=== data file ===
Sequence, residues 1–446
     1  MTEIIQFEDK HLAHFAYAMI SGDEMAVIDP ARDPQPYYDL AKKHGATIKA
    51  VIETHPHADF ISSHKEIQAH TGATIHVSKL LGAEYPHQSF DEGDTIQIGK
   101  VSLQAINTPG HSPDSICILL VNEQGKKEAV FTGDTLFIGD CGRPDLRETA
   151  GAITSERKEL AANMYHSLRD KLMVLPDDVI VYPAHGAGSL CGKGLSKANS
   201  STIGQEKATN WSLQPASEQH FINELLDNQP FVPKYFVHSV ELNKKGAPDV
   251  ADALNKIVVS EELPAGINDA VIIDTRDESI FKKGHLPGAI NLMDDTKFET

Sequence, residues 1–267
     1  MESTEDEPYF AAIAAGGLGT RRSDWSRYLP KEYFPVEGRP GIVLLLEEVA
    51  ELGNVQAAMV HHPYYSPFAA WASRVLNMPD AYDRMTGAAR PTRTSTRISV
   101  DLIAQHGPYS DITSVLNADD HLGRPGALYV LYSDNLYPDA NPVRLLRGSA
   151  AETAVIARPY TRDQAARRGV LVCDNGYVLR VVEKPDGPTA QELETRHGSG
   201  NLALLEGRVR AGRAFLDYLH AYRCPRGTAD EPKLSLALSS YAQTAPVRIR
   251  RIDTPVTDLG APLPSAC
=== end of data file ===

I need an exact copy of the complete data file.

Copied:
Sequence, residues 1–446
     1  MTEIIQFEDK HLAHFAYAMI SGDEMAVIDP ARDPQPYYDL AKKHGATIKA
    51  VIETHPHADF ISSHKEIQAH TGATIHVSKL LGAEYPHQSF DEGDTIQIGK
   101  VSLQAINTPG HSPDSICILL VNEQGKKEAV FTGDTLFIGD CGRPDLRETA
   151  GAITSERKEL AANMYHSLRD KLMVLPDDVI VYPAHGAGSL CGKGLSKANS
   201  STIGQEKATN WSLQPASEQH FINELLDNQP FVPKYFVHSV ELNKKGAPDV
   251  ADALNKIVVS EELPAGINDA VIIDTRDESI FKKGHLPGAI NLMDDTKFET

Sequence, residues 1–267
     1  MESTEDEPYF AAIAAGGLGT RRSDWSRYLP KEYFPVEGRP GIVLLLEEVA
    51  ELGNVQAAMV HHPYYSPFAA WASRVLNMPD AYDRMTGAAR PTRTSTRISV
   101  DLIAQHGPYS DITSVLNADD HLGRPGALYV LYSDNLYPDA NPVRLLRGSA
   151  AETAVIARPY TRDQAARRGV LVCDNGYVLR VVEKPDGPTA QELETRHGSG
   201  NLALLEGRVR AGRAFLDYLH AYRCPRGTAD EPKLSLALSS YAQTAPVRIR
   251  RIDTPVTDLG APLPSAC